Six Percent Out The Door

NYT: Across the country, the National Association of Realtors and the 6 percent commission that most of its members charge to sell a house are under assault by government officials, consumer advocates, lawyers and ambitious entrepreneurs. But the most effective challenge so far emanates from a spare Madison, Wisc. bedroom in the home of Christie Miller.
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Ms. Miller, 38, a former social worker who favors fuzzy slippers, and her cousin, Mary Clare Murphy, 51, operate what real estate professionals believe to be the largest for-sale-by-owner Web site in the country.
They have turned Madison, a city of 208,000 known for its liberal politics, into one of the most active for-sale-by-owner markets in the country. And their success suggests that, in challenging the Realtor association’s dominance of home sales, they may have hit on a winning formula that has eluded many other upstarts. Their site, FsboMadison.com (pronounced FIZZ-boh) holds a nearly 20 percent share of the Dane County market for residential real estate listings.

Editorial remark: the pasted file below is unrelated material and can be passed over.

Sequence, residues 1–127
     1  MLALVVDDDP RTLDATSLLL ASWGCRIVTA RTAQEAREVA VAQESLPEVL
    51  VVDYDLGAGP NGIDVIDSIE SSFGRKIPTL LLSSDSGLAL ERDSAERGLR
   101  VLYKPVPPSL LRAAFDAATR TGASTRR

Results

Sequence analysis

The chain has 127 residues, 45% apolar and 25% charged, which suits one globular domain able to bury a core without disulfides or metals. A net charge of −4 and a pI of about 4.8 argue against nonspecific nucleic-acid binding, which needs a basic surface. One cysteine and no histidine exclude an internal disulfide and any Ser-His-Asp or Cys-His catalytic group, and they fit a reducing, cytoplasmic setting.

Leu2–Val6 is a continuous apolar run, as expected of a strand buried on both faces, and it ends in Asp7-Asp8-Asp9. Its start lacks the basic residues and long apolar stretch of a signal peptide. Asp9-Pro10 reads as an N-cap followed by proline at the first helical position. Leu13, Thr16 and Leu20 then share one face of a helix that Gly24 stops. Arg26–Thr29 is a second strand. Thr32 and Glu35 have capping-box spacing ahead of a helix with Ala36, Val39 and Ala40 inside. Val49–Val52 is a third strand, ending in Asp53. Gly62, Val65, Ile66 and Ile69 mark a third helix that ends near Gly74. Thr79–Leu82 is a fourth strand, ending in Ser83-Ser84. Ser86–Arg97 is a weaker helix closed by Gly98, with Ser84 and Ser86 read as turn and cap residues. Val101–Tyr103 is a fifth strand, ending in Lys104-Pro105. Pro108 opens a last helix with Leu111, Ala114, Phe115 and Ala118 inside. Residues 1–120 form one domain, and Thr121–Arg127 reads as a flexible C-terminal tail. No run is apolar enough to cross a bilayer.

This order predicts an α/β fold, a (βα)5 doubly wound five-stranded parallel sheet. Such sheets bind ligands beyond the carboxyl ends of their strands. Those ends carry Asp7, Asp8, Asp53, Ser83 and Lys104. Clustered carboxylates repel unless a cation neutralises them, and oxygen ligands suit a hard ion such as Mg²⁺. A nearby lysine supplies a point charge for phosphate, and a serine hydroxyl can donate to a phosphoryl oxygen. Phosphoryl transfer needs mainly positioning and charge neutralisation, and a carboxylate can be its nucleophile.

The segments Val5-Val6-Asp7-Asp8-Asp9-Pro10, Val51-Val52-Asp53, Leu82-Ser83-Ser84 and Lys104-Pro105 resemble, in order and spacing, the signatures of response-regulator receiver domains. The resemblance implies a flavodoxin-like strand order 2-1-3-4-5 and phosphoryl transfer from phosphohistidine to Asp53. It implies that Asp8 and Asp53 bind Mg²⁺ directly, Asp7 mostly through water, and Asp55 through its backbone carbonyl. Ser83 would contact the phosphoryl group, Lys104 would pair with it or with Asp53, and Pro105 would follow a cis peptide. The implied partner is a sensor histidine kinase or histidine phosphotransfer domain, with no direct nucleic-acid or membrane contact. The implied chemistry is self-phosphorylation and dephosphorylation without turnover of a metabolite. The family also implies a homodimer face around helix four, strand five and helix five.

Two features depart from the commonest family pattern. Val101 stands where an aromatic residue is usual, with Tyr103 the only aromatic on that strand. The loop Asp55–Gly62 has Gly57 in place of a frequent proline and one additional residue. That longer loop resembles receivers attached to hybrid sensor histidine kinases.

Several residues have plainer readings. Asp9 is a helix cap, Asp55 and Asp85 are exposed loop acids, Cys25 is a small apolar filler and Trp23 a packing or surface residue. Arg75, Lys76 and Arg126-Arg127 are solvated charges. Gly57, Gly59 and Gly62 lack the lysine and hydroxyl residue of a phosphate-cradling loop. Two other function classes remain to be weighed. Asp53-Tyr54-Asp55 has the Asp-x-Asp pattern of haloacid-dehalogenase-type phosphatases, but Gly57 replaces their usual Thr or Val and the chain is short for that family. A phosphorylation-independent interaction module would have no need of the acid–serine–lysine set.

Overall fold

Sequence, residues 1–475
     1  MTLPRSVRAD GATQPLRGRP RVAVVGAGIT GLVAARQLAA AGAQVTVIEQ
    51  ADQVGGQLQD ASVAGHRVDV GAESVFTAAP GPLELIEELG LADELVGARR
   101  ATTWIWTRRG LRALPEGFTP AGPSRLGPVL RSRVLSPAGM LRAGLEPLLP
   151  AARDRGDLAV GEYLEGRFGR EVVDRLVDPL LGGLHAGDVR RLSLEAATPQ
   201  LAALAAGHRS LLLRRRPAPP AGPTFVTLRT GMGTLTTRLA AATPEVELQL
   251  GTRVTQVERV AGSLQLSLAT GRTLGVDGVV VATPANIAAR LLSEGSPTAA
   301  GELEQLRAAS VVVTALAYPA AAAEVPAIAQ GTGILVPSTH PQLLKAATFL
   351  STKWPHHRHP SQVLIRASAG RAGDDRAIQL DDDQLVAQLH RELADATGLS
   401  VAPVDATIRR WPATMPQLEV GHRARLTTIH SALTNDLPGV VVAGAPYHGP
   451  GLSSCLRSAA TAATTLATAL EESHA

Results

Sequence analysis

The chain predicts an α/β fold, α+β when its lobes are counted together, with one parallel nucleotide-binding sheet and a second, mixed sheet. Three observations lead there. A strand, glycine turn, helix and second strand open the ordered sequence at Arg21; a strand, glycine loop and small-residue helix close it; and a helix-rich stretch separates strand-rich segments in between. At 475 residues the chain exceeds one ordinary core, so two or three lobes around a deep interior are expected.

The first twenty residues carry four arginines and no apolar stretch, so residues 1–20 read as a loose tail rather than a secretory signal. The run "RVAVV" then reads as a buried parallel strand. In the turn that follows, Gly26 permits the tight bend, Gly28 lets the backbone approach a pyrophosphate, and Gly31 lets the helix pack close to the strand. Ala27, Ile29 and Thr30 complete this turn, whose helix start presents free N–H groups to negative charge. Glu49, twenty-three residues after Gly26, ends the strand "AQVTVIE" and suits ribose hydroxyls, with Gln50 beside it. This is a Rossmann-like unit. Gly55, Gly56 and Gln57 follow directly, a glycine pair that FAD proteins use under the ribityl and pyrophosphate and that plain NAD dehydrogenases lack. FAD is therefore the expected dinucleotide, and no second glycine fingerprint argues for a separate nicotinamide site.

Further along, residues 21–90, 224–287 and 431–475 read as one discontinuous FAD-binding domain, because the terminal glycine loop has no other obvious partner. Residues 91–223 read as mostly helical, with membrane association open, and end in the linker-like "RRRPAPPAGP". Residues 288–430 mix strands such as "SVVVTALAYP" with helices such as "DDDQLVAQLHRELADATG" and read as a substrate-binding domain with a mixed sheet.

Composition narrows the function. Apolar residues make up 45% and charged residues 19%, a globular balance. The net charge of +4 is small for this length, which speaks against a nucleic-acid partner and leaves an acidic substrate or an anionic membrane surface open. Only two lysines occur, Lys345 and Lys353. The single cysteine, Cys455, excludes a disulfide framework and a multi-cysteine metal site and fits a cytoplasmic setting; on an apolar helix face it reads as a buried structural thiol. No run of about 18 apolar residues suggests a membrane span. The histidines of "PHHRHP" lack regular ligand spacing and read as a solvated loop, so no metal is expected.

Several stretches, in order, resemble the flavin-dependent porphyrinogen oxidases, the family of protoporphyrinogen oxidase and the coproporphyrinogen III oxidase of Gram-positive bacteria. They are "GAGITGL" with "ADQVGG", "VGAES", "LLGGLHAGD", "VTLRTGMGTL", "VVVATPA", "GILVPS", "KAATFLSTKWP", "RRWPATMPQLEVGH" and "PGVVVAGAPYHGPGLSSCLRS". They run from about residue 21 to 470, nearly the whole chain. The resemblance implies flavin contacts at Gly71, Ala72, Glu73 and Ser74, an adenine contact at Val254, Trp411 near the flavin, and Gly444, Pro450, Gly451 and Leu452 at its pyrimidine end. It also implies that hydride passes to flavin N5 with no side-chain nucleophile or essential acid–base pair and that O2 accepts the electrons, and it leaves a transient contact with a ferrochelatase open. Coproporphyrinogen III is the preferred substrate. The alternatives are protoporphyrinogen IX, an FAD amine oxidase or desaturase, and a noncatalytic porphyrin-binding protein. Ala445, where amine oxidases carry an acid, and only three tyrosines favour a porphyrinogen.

The site, which charges just $150 to list a home and throws in a teal blue yard sign, draws more Internet traffic than the traditional multiple listing service controlled by real estate agents.
FsboMadison listed about 2,000 homes in 2005 and said that about 72 percent of its listings sell. If those 1,440 houses averaged $200,000 per sale, the real estate commissions under the 6 percent system would have been about $17.3 million. Ms. Miller and Ms. Murphy collected about $300,000.
“They don’t care – they’re not profit-driven,” said François Ortalo-Magné, an associate professor of real estate at the University of Wisconsin.

About David Burn

I wrote my first ad for a political candidate when I was 17 years old. She won her race and I felt the seductive power of advertising for the first time. Today—after working for seven agencies in five states—I am head of brand strategy and creative direction at Bonehook in Portland, Oregon.